The Florida Museum of Natural History is a gem on our campus. From fossils to living species, the museum allows for people to appreciate nature's past, present, and future. Although I attend the museum frequently, each time I am exposed to something new. The intricacies of the exhibits allow for people taking tours to appreciate not only the nature but the culture within the natural world. Nature is the most valuable asset we have as humans, I hope this museum employs others to appreciate it and use it wisely.
The Nature on Display that peaked my interest the most was the underwater estuary exhibit. The display goes beyond showing aquatic life but immerses one in the underwater world through colors, sounds and movements. What intrigued me the most about this display was the "Still to Small to See" portion. The exhibit was at a 12-times life-size scale yet there are still organism not depicted because of their minuscule size. So often I appreciate nature because of its beauty or size, but I forget about the small parts of our ecosystem, especially the one underwater, and their huge contributions to their environment.
Nature and Ethics was definitely evident in my tour of the museum. The FMNH does a great job of creating life-like, immersion exhibits allowing the people touring the museum to experience nature similar to Leopold's recommendations -- with appreciation and without damage. I went after elementary schools had dismissed, so the museum was full of small children in awe of the unseen worlds they were experiencing through the museum. To me, the monarch exhibit did a great job of teaching the habits and trends of the monarchs while also making the experience fun and enjoyable. It also served as an introduction to appreciation for butterflies before entering the Butterfly Garden.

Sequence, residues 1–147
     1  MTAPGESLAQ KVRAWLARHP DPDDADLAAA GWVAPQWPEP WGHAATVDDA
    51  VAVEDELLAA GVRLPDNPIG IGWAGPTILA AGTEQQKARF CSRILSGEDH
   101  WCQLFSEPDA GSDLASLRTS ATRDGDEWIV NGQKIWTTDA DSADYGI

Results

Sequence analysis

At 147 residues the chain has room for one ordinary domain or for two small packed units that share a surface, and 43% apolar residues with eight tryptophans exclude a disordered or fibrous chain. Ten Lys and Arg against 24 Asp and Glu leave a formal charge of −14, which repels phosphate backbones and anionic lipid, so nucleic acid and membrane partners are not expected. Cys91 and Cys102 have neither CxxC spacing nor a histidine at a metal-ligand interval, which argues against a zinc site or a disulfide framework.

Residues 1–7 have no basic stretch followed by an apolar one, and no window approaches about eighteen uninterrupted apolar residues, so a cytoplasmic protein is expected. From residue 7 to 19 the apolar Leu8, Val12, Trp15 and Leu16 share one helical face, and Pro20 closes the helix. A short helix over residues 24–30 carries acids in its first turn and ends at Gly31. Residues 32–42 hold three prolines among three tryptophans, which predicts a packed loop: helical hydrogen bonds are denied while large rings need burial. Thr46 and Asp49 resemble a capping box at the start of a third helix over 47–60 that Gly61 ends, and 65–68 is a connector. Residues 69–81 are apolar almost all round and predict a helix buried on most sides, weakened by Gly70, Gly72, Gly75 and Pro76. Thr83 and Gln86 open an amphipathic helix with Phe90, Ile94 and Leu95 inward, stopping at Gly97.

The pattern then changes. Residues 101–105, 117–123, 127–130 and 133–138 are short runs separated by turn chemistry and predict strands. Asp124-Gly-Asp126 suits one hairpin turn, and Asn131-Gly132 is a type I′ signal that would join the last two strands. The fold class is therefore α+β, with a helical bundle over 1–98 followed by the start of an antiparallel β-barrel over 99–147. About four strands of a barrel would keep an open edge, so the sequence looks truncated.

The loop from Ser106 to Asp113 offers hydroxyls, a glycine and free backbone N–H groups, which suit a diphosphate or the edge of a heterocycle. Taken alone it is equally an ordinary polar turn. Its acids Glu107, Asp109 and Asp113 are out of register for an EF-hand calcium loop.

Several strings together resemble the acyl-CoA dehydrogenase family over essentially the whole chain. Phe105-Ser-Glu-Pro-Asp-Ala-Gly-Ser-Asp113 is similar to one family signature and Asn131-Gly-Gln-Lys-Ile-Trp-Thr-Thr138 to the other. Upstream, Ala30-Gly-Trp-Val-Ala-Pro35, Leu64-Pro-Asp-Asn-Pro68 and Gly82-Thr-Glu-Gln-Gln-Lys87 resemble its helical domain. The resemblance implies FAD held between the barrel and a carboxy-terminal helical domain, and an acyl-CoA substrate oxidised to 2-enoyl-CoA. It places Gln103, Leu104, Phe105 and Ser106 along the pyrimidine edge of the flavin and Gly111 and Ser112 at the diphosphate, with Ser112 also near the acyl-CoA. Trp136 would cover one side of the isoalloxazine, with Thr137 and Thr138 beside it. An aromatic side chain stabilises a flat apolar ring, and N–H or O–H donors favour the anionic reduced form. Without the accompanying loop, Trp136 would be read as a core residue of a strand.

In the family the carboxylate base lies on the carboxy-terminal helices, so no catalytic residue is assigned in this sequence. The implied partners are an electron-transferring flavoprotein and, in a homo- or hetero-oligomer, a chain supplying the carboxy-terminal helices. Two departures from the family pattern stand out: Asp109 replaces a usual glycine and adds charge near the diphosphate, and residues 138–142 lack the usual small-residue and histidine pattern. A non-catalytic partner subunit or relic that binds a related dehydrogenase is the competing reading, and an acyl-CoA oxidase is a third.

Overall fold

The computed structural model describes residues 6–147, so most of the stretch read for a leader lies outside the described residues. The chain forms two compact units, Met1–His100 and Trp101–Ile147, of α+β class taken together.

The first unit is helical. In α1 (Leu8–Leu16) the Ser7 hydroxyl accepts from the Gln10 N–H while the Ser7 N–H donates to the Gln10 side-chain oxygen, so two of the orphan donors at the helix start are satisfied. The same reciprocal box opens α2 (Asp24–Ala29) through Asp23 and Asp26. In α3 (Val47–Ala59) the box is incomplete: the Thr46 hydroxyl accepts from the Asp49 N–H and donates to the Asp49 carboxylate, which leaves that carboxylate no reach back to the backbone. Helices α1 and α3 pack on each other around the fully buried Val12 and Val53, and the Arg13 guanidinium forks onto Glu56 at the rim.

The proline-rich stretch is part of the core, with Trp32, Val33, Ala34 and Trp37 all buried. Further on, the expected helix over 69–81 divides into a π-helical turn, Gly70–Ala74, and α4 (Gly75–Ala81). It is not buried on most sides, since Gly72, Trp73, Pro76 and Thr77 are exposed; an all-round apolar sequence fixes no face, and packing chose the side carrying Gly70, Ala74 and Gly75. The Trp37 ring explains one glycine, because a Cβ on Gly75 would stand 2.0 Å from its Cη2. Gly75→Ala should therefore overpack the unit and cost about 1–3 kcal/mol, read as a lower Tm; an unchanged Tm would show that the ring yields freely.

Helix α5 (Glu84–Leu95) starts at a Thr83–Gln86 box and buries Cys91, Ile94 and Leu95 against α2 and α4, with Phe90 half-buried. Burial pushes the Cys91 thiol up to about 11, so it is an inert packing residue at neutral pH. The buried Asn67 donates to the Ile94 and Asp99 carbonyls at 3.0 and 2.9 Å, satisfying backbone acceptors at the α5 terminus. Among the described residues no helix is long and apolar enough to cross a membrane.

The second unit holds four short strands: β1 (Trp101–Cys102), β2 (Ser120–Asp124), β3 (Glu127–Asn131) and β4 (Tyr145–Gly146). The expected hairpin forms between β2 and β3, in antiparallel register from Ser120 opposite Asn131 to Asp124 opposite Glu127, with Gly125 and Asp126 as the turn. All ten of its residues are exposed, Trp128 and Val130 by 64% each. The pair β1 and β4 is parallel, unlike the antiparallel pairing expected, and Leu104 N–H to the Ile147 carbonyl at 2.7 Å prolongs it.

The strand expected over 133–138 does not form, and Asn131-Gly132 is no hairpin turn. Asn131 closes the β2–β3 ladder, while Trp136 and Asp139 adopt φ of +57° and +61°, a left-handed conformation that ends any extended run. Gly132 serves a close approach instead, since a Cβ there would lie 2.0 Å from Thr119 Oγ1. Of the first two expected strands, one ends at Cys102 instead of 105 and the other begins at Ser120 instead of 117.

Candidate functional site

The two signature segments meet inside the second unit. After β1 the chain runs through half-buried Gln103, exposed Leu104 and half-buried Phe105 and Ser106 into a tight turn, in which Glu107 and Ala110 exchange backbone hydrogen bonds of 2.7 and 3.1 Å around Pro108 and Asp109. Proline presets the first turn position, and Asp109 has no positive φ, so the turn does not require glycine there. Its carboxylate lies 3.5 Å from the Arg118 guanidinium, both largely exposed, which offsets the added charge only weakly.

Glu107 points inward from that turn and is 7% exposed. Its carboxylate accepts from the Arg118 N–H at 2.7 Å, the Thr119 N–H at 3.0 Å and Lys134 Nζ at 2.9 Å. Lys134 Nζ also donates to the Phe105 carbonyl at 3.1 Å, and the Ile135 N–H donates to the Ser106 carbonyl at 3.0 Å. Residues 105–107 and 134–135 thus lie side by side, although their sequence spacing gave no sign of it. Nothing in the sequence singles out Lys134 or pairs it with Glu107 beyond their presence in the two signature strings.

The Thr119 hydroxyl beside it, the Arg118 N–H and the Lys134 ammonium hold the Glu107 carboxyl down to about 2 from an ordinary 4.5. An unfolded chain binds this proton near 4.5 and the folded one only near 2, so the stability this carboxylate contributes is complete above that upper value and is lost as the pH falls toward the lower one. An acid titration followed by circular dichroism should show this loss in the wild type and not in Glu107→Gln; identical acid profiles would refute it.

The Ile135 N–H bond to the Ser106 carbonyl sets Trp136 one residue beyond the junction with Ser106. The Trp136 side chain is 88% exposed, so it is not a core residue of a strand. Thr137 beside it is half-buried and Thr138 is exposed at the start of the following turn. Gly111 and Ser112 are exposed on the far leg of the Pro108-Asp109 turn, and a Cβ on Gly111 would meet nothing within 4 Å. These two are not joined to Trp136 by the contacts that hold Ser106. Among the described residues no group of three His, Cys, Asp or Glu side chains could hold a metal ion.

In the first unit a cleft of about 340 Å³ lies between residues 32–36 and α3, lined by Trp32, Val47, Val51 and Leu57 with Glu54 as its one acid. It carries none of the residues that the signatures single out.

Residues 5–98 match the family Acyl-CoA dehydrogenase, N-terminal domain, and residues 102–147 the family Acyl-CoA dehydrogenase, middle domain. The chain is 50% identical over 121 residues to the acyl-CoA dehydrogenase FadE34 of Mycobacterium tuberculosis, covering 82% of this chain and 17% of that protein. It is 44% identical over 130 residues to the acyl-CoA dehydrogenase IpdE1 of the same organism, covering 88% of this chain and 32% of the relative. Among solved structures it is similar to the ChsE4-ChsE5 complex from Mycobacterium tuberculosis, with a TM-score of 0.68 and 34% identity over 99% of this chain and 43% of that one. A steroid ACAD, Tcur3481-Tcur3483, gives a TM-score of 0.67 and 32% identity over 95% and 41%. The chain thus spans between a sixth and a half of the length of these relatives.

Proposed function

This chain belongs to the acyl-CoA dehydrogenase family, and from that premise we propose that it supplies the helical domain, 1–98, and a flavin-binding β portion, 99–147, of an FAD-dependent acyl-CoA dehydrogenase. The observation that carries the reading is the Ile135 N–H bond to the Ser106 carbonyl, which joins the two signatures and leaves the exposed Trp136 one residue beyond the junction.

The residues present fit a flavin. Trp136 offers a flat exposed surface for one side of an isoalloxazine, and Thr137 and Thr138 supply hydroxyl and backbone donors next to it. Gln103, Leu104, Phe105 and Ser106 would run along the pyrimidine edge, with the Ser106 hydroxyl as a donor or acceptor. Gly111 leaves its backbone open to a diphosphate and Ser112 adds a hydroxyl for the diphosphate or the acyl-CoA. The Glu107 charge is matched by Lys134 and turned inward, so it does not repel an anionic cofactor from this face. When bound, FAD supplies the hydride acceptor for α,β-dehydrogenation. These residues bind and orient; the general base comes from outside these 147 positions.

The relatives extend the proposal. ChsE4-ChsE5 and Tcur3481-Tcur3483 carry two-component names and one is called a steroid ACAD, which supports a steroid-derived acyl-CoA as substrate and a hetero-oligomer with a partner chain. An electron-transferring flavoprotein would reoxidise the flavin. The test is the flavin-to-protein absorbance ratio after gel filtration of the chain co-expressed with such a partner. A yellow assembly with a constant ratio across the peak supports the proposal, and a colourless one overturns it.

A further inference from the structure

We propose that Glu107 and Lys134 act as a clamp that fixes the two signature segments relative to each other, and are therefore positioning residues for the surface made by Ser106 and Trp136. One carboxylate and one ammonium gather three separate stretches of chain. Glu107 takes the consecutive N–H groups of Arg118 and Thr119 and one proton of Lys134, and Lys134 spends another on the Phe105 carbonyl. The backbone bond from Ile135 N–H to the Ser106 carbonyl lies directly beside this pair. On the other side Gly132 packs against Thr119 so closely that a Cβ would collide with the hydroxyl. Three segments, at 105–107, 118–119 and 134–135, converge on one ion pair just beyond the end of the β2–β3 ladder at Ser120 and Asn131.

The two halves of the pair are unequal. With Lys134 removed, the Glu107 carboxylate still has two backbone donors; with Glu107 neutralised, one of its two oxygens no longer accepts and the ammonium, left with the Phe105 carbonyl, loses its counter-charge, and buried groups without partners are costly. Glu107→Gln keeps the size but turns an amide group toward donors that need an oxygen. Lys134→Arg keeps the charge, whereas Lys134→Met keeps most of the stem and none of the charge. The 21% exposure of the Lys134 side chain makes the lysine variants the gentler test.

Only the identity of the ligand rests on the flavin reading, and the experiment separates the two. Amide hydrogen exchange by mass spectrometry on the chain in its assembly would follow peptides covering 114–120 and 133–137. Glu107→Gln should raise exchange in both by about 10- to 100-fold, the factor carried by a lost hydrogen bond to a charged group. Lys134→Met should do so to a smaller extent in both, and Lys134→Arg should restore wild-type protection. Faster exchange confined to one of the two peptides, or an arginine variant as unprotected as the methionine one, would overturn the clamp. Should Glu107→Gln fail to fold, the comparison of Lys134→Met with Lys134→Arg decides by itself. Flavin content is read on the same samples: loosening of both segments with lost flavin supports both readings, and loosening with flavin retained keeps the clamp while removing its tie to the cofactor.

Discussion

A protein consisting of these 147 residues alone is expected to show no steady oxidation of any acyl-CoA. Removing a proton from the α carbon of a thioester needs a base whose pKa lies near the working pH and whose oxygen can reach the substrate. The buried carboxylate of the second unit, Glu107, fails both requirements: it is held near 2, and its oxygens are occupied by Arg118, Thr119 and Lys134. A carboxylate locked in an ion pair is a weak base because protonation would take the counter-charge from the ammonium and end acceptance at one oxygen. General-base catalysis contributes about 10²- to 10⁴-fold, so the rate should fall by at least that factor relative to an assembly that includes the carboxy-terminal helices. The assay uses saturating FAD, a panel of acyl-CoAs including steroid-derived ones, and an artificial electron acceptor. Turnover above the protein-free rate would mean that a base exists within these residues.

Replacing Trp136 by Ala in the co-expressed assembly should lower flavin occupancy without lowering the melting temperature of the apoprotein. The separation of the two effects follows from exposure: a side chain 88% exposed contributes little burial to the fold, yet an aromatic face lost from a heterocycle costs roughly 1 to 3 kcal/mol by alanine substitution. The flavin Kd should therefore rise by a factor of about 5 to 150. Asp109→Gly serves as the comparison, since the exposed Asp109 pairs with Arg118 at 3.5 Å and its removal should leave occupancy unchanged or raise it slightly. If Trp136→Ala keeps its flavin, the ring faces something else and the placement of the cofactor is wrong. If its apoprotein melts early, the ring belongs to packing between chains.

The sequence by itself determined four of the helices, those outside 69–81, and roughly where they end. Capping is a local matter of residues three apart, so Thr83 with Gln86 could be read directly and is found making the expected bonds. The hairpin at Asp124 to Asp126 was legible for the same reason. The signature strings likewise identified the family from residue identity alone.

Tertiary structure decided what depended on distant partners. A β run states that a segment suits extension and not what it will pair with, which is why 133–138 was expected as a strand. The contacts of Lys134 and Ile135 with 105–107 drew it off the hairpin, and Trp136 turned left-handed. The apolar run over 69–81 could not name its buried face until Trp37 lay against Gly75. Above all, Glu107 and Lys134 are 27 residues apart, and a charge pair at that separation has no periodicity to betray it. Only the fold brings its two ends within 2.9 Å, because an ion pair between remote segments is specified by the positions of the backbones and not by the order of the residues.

Nature and the Human Spirit are evident throughout the museums exhibits as each new part of the museum allows people to experience a natural world that may be unfamiliar to them. The People of the Estuary exhibit does a great job of not only allowing people to experience the nature of the estuary but also relate to the human life within in. It allows for a deeper appreciation, because it shows the importance of the nature, such as mangrove trees and the species living in and around them, to the Calusa society.